Consumer advocates warn of Packers playoff scams
Scammers look for ticket bar codes posted on social media sites to replicate, resell
Judging by social media, there are numerous Green Bay Packers fans enjoying the opportunity to gloat about the team's NFC North-clinching victory on Sunday over the Chicago Bears. However, consumer advocates are warning that celebration should not include posting photos of playoff tickets to Sunday's upcoming matchup with the San Francisco 49ers.
"Whenever there's a high demand for something, it's an area that's pretty ripe for scams," said Kimberly Hazen, who runs the Southwest Chapter of the Wisconsin Better Business Bureau. She limited her taunting of her father, a Bears fan, to a text message Sunday, but worries specifically about what can happen when scammers see pictures of playoff seats.
"Scammers will actually scour social media sites to look for bar codes of tickets they can then copy," she said. "If you brag about it, take pictures of your ticket, (and post) 'Yeah, I'm going to the game,' and you put it on Facebook or some other social site, you're exposing a bar code, which scammers can lift to reproduce the ticket."
Hazen said the re-sale business for sports and entertainment tickets is a $10 billion per year industry and leads to hundreds of consumer complaints every year. For all the reputable ticket vendors and professional brokers, she said there are also people willing to break the law to make money.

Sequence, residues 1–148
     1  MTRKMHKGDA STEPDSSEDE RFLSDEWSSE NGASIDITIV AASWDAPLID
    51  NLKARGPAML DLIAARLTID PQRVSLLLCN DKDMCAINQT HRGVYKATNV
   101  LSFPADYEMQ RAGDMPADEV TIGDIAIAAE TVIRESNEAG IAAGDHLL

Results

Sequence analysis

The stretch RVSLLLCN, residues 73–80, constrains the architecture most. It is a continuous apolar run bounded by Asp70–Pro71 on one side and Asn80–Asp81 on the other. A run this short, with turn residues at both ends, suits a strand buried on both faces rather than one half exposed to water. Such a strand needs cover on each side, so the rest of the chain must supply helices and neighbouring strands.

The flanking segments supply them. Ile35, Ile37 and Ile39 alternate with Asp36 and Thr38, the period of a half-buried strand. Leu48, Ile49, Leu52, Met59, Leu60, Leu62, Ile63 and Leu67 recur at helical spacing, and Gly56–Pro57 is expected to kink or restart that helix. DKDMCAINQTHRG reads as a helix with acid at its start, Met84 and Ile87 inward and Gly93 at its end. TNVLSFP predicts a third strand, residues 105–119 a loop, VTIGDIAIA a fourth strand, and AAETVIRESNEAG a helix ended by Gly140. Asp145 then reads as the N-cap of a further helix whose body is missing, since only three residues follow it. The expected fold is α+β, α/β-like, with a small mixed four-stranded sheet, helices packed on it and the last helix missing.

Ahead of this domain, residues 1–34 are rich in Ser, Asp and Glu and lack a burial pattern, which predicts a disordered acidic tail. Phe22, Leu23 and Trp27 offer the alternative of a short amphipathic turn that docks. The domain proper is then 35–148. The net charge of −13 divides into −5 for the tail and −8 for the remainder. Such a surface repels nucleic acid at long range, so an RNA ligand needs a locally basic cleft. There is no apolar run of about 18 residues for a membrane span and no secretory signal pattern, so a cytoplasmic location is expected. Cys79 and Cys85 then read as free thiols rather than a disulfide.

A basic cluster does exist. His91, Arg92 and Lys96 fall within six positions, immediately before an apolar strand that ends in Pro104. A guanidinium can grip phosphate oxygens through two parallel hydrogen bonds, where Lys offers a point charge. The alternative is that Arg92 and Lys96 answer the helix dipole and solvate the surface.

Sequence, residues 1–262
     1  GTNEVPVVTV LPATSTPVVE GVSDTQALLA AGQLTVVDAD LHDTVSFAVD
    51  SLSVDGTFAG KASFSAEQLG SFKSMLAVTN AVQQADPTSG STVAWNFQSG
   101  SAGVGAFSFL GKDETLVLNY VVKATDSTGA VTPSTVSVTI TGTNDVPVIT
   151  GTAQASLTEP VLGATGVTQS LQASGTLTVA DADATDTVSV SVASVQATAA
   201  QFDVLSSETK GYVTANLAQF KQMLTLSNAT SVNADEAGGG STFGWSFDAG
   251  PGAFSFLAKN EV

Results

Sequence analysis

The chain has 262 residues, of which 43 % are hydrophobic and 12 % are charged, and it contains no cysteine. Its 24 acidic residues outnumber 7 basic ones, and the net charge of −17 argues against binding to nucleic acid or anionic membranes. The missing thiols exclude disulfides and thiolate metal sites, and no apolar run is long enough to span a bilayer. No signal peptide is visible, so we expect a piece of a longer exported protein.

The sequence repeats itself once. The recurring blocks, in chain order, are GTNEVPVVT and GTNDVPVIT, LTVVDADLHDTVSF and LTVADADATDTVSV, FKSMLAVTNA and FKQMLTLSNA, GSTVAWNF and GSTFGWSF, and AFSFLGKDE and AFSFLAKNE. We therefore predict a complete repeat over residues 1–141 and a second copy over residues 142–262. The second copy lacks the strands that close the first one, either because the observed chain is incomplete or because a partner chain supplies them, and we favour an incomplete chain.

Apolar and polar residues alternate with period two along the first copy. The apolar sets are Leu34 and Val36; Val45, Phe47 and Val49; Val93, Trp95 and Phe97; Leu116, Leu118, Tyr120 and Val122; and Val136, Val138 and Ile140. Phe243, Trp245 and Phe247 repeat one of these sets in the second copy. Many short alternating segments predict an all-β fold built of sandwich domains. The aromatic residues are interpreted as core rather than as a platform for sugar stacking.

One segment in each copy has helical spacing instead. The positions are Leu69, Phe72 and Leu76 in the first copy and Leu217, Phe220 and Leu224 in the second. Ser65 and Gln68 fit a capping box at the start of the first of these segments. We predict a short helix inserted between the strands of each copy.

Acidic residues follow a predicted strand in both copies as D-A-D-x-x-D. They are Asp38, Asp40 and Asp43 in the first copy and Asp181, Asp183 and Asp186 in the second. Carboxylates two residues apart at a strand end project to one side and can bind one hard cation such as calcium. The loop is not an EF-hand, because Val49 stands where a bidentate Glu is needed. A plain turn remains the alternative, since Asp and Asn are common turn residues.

"You should work with a reputable seller and run a (background) check on who you're buying your tickets from," she said. "The demand for these tickets is so high, people are willing to pay a ton of money. They're willing to take chances."
Hazen reminded consumers that actual, legitimate playoff tickets have official logos on them, come on sturdy paper stock and, as mentioned, have bar codes. Consumers should also compare seats from tickets to the seat map on the team's website to ensure they actually exist.
"The good news is we're in the playoffs. The bad news is it's the time people scam for tickets,” Hazen said. “(We) go from the rational part of our brain to the emotional hysteria and we want to stay rational. Still do your homework, still check out the re-seller."
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